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09/04/2019

Fatal scuba diving boat fire in California raises questions

Written by Brian

Shortly after 3 a.m. on Monday, September 2, 2019, a fishing boat was woken up by five crew members from the Conception. The Conception, , a 75-foot long scuba diving boat, was on fire. The five crew members were the only people above the deck at the time of the fire. They were awake and on the bridge at the time of the fire. The U.S. Coast Guard received their mayday call at about 3:15 a.m. and immediately dispatched a response team.

The five crew members couldn’t get to the sixth crew member or the 33 passengers who were sleeping below deck. Flames blocked the escape routes for the 34 people below deck.

On the ship’s dinghy – injured, but alive – the five crew members made their way to the only other vessel in Platt’s Harbor, the Hansens’ fishing boat. The Hansens helped three of the crew members who had suffered injuries escaping the fast-moving fire while two crew members took the dinghy back to the Conception to search for survivors.

The ship was in the Channel Islands near Santa Cruz, off the coast of California, on a three day scuba diving trip. The ship was owned and operated by Truth Aquatics, a Santa Barbara-based company. It had been chartered by Worldwide Diving Adventures for the weekend trip. This sfgate.com map identifies where the vessel was at the time of the disaster.

map of where santa cruz boat fire happened. image credit sfgate

Twenty bodies recovered during 23-hour search, others believed to be in the wreckage of the Conception

By the time a Coast Guard helicopter and fireboat arrived at the ship at 5:00 a.m., two Santa Barbara Sheriff’s Office firefighting boats were on the scene but the vessel was engulfed in flames. The Conception sank at 7:20 a.m. in just over 60 feet of water.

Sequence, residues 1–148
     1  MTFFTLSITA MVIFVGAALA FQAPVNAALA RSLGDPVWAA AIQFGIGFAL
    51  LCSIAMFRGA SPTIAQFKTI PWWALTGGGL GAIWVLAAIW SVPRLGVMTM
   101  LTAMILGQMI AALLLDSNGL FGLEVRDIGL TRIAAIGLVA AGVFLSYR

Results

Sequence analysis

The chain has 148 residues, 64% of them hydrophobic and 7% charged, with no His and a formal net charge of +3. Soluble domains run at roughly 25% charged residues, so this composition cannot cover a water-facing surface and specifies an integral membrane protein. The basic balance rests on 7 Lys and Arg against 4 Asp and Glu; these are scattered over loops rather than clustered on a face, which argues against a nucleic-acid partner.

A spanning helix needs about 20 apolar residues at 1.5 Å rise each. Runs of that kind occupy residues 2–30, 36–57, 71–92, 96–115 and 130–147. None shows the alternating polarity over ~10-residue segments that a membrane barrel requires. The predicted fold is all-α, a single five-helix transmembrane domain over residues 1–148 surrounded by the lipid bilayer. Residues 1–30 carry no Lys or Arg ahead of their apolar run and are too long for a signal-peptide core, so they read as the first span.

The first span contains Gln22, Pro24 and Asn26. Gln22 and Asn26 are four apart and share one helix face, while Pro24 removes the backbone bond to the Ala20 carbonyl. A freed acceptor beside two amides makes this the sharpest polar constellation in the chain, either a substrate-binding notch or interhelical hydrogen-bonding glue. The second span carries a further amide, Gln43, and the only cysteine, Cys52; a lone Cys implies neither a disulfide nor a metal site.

The Coast Guard led a search and rescue operation for twenty-three hours. They called it off at 9:40 a.m. on Tuesday, September 3, 2019.  They believe there were no other survivors. Coast Guard Captain Monica Rochester spoke at an afternoon press conference on Tuesday saying, “This isn’t a day we wanted to wake up to for Labor Day and it’s a very tragic event… I think we should all be prepared to move into the worst outcome…
Our hearts, our thoughts, are with the family, the friends, of the victims.” 

Captain Rochester also said the Conception was in full compliance with the Coast Guard.

Twenty bodies have been recovered. The remaining bodies believe to be trapped under the inverted wreckage.

Conception passed most recent Coast Guard inspection, had firefighting systems on board

The Conception was built in 1981. It had a fixed carbon dioxide fire suppression system in the engine room, a portable firefighting system, and smoke detectors. There were no locked doors on the boat. A Bay-area diver told ABC news that he had taken multiple trips on the Conception and said the two exits were easy to access and well-lit at night. He said the staff always conducted orientations at the start of trips. This was confirmed by an experienced Orange County diver who had taken multiple trips on the Conception, according to the LA Times.